We are third in the Global Innovation Index. But anyone looking ahead in the digital arena will understand that this is not self-evident. We shouldn't nod off satisfied. The world around us is accelerating and will overtake us. That could cost us jobs and investments.
Recently it became known that over two hundred foreign companies have notified the Dutch government that they are considering moving to the Netherlands after Brexit. These companies are also looking at the Dutch digital infrastructure in the longer term. Which is why governments and the business world should develop a shared vision of the future to shape that digital transformation and to (continue to) invest in that.
According to a KPMG report, the Netherlands with its legislation and experiments, is the best prepared country in the world for that. An important precondition, however, is a reliable 5G network with national coverage. This network can only be realized if the government decides, today rather than tomorrow, whether or not frequency bandwidth will be made available on the 3.5 GHz band, and also decides on a date for the respective auction. Furthermore, an auction gains most from a proven and transparent auction model, aimed at an efficient use of spectrum at realistic prices instead of one-off maximum revenues. In this way, the government creates the preconditions for businesses to feel confident about making the necessary investments.
5G gives Olympic Games unprecedented possibilities
The international context creates an even greater urgency. During the Olympic Games in Pyeongchang, 5G ignites a flame of unprecedented possibilities for mobility, entertainment and technical innovation. Video streaming in 360 degrees for spectators and live analyses for athletes are only the beginning. In the US, providers are already rolling out 5G networks this year. In the Netherlands it might take another few years before there is certainty about the necessary frequencies enabling this.
Besides the government we also need citizens and businesses that are involved in the digitization of their environment. Start-ups coming up with new solutions for today's problems. Energy companies that need digitization to shape the transformation from fossil to sustainable. And administrators on a local and national level that embrace the ambition to keep the Netherlands in the lead. Smart solutions in digital education, mobility and the Internet of Things will not become a reality and cities will not become 'smart' if we don't invest in that together.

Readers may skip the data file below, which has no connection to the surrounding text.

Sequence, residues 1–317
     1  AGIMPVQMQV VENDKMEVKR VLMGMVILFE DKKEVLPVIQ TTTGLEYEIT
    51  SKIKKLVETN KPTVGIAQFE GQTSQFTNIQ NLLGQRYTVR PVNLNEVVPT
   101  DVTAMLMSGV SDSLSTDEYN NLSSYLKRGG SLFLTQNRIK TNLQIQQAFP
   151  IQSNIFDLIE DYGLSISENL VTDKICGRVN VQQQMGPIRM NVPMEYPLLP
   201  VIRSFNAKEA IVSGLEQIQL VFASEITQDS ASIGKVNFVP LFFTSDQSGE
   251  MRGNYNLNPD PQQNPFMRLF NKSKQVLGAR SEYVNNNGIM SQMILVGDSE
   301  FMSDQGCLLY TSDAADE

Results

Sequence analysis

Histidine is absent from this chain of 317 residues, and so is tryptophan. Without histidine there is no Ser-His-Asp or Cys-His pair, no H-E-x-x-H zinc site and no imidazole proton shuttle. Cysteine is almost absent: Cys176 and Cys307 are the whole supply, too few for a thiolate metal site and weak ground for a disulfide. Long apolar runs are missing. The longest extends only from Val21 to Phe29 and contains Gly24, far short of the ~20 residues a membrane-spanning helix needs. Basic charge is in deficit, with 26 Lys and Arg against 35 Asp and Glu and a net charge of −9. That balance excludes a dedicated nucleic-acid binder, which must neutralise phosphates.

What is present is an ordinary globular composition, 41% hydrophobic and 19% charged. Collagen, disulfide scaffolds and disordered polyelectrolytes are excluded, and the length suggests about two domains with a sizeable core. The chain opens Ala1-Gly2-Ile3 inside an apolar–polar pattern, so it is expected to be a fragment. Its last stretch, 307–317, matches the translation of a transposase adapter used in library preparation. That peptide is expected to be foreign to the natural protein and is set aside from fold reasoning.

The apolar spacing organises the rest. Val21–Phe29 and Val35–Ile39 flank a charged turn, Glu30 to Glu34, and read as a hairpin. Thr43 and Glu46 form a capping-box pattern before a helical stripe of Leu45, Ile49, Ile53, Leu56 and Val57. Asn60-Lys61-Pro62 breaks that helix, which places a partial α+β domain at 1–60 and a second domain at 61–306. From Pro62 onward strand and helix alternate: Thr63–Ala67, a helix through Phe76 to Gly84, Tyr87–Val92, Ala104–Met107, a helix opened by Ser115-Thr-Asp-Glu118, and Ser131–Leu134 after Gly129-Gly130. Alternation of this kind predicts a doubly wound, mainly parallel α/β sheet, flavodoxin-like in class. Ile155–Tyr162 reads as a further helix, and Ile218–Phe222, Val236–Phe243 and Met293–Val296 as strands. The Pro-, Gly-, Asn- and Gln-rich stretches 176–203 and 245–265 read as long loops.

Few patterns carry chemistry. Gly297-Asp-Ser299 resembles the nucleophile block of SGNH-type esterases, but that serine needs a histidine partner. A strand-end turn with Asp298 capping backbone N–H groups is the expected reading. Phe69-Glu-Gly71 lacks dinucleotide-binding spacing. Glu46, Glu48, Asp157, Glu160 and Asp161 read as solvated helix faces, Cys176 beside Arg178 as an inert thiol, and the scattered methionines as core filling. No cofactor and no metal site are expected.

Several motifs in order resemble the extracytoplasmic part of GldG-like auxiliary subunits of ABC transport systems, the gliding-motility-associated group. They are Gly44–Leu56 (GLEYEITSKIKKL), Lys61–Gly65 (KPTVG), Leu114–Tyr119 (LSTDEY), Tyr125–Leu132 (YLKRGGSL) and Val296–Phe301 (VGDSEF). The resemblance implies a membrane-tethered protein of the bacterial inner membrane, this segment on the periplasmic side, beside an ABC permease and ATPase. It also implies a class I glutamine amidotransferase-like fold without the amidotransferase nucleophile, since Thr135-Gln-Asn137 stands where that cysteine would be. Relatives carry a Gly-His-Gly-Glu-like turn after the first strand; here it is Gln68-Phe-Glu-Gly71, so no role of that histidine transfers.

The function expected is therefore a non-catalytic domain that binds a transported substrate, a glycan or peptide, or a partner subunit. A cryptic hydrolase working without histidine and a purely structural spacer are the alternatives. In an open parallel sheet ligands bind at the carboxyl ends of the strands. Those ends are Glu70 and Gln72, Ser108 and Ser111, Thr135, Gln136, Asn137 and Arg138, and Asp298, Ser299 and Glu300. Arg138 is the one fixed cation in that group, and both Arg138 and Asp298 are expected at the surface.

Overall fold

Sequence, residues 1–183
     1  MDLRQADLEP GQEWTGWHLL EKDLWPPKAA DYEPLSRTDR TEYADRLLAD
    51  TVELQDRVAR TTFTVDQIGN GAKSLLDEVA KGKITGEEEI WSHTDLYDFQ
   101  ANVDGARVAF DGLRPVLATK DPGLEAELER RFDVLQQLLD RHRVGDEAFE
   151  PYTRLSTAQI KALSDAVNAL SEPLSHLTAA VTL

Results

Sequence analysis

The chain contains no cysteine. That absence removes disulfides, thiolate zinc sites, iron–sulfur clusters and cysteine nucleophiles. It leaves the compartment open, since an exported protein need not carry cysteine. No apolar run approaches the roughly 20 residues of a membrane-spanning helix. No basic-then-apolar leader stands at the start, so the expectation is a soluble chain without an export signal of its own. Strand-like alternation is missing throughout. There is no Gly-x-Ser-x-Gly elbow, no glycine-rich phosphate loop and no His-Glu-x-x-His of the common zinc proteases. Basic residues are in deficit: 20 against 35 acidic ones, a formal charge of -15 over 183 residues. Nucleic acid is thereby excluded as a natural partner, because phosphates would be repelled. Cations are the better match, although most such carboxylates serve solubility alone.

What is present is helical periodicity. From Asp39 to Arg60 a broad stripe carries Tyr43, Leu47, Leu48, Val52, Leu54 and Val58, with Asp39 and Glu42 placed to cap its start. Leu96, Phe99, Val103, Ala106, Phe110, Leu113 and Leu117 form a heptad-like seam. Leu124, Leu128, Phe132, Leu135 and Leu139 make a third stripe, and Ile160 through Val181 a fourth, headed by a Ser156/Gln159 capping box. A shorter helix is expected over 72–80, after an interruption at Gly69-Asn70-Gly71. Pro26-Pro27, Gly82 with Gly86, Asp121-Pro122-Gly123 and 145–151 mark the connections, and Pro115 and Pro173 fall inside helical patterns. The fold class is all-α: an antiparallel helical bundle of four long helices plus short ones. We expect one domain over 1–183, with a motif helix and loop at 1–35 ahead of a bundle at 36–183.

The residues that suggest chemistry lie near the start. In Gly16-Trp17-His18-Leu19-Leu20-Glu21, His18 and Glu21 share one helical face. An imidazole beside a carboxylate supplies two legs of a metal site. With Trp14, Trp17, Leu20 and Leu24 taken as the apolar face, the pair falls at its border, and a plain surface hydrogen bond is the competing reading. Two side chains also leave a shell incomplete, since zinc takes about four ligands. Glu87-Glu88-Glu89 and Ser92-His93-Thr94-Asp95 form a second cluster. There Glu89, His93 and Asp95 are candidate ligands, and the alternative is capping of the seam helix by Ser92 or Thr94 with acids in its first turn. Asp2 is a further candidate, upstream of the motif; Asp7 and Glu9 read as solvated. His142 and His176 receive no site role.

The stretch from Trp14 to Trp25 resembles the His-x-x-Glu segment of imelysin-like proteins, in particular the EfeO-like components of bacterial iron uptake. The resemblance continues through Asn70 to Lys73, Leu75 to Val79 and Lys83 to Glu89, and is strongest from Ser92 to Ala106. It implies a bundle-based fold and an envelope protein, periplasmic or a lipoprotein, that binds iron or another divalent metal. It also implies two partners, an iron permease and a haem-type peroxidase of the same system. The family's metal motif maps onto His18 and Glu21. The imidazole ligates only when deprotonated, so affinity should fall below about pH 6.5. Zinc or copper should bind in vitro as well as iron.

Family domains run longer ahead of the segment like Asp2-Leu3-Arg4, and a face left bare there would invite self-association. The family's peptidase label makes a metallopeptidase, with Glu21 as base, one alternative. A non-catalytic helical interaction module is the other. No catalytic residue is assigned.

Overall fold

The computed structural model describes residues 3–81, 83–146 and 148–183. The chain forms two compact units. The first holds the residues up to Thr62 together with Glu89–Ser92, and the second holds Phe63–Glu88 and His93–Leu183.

The Netherlands needs a digitization strategy and a summit following the example set in Germany
I am optimistic about the digital future, but I'm also worried. In the coalition agreement digitization has been given a far too modest place. The House of Representatives has acknowledged this and has urged the government to organize a yearly digitization summit. In Germany such a summit is held each year under the leadership of the Federal Chancellor, underlining the seriousness of this topic for the government. In Germany this is 'Chefsache'. Our government is also setting to work to draft a national digitization strategy. The importance of these two initiatives can hardly be overestimated.
The digital infrastructure provided by telecom companies forms the basis of our digital future. However, the discussion goes beyond that. Is education sufficiently equipped to teach our children digital skills? Will administrators succeed in creating sufficient support for digital innovations in their Smart Cities? Will we succeed together in gaining public trust that the data we generate are in safe hands? The public needs to feel confident that the digital future will really bring progress in the various fields.
All topics require a broad public approach, in which the government should take a coordinating and stimulating role to have the many stakeholders all speak the same language. For the business world, it's important that there is a legal certainty to invest and that regulation is applied sparingly and sensibly as not to interfere with the digital future of the Netherlands any more than necessary.
(This opinion article was published on 12 February 2018, also by the FD paper)